Stephen Curry was in town Monday night, so you know what that means. By my count, Hawks rookie Trae Young fielded six questions about it before the game and another four after.
“It’s hard to repeat myself and keep saying it, but I don’t really get caught up in it,” Young said.
After Golden State buried the Hawks, it was Curry’s turn.
“Honestly, it gets old,” Curry said. “He’s his own player.”
The Curry-Young comparisons started as soon as the skinny Oklahoma freshman began making 3-pointers from absurd distances. They accelerated when Hawks GM Travis Schlenk, formerly of Golden State, drafted Young. The comparisons continue even as it’s become clear the shape of Young’s NBA game likely will be different.
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But, thing is, those Young-Curry comparisons won’t last much longer if Young keeps shooting this poorly. Hardly any player who shoots it as much as Young misses so often. It’s not unusual for rookies playing large roles on bad teams to struggle, but Young’s shooting has been substandard even in that context.
Through 24 games, Young has made 23.9 percent of his 3-point attempts and 47 percent of his 2-point tries. According to Basketball Reference, his effective field-goal percentage (42.6) ranks last among 45 players with usage rates of 25 percent or above (meaning they are central to their team’s offense). Young is taking a lot of shots (18.4 per 36 minutes) and missing a lot of them.
I don’t point out Young’s poor shooting to make a sweeping judgment of his NBA potential. To the contrary, I still think he’s the real deal. Young has played in only 23 games, and his shooting, among other areas, will get better.
Still, Young needs to make it happen because the rest of his game doesn’t work if he’s not shooting 3-pointers at a respectable clip. He’s nowhere near that right now. The Hawks are focused on player development, and Young’s wayward jump shot should be at the top of their list.
So far the team isn’t sounding any alarms. The Hawks’ answer is for Young to keep working on his jump shot, and to do so in smarter ways. Young gets a lot of 3-point chances off screens in the middle of the floor, so those are the shots Hawks coach Lloyd Pierce wants him to spend more time practicing.
About that: There remains a huge disparity between Young’s accuracy on pull-up 3-pointers vs. catch-and-shoots. According to NBA tracking data, he’s made 19 of 94 pull-up 3’s (20.2 percent) compared with 14 of 42 spot-ups (33.3 percent).
There’s a fine line here for Young. He can get open pull-up 3’s because defenders worry most about his driving and passing ability. But opponents will give them those shots if he can’t make them, and it’s hard to make a living on pull-up 3’s. Curry does it, but then that’s one reason he’s a special player.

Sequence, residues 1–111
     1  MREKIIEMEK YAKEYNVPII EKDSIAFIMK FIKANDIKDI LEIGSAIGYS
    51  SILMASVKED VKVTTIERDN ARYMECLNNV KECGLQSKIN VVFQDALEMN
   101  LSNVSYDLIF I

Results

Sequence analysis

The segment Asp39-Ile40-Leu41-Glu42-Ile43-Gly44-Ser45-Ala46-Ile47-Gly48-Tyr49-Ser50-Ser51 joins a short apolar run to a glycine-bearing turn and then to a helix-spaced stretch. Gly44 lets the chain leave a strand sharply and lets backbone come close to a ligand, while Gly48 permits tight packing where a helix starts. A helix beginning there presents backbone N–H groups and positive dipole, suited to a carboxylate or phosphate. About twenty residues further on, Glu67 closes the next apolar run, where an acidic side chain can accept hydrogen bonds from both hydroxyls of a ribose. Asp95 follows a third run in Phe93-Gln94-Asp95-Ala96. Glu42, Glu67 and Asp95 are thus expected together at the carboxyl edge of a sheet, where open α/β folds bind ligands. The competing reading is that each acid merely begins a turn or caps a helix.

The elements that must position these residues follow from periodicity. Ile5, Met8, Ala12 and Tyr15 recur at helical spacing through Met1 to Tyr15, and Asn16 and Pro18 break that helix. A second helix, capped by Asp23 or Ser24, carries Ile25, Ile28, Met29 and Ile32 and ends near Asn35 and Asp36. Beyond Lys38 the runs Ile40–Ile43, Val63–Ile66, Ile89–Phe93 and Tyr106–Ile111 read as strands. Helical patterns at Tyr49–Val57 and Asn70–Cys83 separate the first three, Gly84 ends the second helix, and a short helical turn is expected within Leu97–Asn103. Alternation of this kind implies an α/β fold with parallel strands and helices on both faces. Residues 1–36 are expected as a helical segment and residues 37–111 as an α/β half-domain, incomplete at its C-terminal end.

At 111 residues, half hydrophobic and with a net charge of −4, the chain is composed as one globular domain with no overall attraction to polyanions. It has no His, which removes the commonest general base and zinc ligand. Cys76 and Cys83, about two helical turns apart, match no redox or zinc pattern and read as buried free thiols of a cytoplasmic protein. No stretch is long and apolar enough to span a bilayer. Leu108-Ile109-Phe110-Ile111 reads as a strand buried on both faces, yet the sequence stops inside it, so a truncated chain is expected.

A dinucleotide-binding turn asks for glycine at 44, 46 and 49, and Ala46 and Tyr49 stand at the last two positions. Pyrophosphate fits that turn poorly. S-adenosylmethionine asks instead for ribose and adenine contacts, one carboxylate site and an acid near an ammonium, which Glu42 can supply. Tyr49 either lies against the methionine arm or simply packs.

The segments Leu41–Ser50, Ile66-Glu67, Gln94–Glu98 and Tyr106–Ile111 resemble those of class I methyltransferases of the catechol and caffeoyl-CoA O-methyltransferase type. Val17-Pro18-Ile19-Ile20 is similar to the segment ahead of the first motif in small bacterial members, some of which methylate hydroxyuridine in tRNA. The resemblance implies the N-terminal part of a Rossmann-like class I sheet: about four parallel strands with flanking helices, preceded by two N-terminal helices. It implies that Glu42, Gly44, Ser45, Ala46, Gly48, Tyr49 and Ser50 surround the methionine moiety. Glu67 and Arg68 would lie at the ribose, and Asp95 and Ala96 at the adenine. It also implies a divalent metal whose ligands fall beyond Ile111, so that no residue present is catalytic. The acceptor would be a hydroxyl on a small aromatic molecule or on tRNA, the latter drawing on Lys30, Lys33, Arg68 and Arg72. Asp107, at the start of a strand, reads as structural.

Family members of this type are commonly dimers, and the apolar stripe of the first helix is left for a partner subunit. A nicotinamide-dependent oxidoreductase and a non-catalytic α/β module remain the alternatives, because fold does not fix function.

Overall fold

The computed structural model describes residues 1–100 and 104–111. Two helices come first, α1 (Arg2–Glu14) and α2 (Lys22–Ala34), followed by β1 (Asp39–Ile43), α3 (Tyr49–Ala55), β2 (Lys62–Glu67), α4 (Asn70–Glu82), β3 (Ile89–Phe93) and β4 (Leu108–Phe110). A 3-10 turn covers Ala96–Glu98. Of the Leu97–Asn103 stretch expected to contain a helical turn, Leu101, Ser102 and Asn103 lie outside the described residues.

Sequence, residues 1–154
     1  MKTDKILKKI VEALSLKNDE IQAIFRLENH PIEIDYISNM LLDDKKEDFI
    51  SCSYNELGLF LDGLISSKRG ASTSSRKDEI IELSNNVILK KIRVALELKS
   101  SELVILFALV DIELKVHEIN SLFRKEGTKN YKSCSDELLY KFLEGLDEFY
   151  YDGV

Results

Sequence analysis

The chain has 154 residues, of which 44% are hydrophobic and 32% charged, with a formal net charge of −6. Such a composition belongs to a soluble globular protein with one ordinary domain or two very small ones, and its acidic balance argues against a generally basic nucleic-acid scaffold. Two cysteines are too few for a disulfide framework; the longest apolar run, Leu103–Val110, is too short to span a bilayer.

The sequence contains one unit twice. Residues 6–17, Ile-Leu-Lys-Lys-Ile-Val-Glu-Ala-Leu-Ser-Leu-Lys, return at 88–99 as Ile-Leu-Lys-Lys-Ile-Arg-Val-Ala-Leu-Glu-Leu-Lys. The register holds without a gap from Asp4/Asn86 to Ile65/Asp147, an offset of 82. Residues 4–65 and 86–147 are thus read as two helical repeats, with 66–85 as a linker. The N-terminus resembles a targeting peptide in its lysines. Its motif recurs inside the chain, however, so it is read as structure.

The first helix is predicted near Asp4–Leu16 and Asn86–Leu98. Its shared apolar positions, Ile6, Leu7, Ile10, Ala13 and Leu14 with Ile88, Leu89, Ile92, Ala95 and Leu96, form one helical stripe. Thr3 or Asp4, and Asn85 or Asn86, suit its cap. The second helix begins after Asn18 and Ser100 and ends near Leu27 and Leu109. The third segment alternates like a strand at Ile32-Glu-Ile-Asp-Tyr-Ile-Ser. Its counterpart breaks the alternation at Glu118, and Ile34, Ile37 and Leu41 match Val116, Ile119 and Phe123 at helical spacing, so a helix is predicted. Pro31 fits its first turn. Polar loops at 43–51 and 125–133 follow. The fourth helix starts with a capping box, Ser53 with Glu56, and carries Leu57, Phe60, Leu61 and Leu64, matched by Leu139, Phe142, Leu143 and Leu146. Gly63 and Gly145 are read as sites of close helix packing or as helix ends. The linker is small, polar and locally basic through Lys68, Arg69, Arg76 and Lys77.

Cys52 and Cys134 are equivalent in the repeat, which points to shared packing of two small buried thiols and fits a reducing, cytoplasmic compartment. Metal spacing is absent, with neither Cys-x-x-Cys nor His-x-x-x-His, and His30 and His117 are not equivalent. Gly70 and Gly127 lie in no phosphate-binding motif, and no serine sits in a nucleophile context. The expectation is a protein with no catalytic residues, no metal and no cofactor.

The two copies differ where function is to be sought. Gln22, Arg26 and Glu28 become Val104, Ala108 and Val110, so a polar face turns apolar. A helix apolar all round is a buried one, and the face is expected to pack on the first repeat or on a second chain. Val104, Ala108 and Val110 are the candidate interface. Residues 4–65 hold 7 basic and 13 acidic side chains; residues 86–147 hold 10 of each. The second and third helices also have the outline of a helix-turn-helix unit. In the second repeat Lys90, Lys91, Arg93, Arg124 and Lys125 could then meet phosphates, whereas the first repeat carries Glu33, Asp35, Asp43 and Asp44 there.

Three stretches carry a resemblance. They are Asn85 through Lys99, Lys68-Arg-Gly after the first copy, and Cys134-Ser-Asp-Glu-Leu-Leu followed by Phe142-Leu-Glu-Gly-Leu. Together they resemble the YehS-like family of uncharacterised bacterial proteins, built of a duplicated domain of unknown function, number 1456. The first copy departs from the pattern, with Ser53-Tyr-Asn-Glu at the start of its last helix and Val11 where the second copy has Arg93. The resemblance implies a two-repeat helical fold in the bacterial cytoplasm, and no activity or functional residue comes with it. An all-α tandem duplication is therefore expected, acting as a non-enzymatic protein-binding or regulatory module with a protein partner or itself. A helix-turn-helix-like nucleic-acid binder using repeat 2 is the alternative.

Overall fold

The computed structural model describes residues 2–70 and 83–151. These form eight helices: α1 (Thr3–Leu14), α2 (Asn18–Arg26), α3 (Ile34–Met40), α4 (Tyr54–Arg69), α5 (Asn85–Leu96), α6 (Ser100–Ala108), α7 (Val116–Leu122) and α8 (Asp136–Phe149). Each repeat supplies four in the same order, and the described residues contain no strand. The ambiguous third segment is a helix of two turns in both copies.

For his part, Young said his shot selection has been fine.
“I don’t think I’ve been shooting a lot of terrible shots,” he said. “I’ve missed a lot of shots when I’ve been wide open.”
There’s some truth to that. Per tracking data, about half of Young’s shots have been “wide open” or “open.” Nearly all his 3-point attempts fit into one of those categories. At this early stage of Young’s career, it’s reasonable for the Hawks to expect him to improve his shooting on pull-ups rather than urge him to pass up those open chances because he’s missing.
But my subjective view is that Young too often has bad timing on his deep pull-up 3’s. He takes them and misses at crucial moments early in the shot clock, killing the offensive flow. I like that Young isn’t afraid to go big, but that fearlessness needs to be balanced with smart, situational offense.
I believe Young will figure it out in time. He won’t ever shoot as well as Curry, but that’s true of every player in the league. That’s one of many reasons why the Young-Curry comparison is unreasonable.
There is no need to pigeonhole Young because can be a very good player without being a great shooter. He’s already shown that he can get to the basket, an element Curry needed time to develop. Young’s feel for the game and passing ability are advanced for his age.
But back to Young’s shooting: it would help if he took more spot-up jumpers. That’s not simple because the Hawks are short on playmaking wings. Rookie Kevin Huerter’s recent addition to the starting lineup should help. I think Young also could benefit from playing more minutes alongside DeAndre Bembry and Jeremy Lin.
Young also can better help himself get good spot-up chances. His off-ball awareness can be lacking. Young can learn from watching how Curry is constantly seeking open spaces when he doesn’t have the ball.
“He’s always moving,” Young said. “He’s always a threat to score, always a threat to make a play.”
Young finished with 20 points on 20 shots against the Warriors. He had just three assists vs. seven turnovers —some weren’t his fault, but Pierce said his decision-making on drives wasn’t good. I thought Young did respectable defensive work against Curry, who still went for 30 points on 17 shots (6-for-10 on 3-pointers).
After the game, Young and Curry were asked about the comparisons that the people asking the questions like to make. Young said he doesn’t like comparisons “because the kid who is getting compared to someone, they don’t really get to enjoy the moment and embrace themselves as being their own version of them.”
Trae Young isn’t Stephen Curry. He’s certainly not shooting like him now, and probably never will. Young will shoot better, though, and I think he is a key piece for a better Hawks future.
“He’s got multiple championships, MVP’s,” Young said of Curry. “He has a lot of accolades that I don’t have. That’s the difference right now. That’s the only thing I care about.”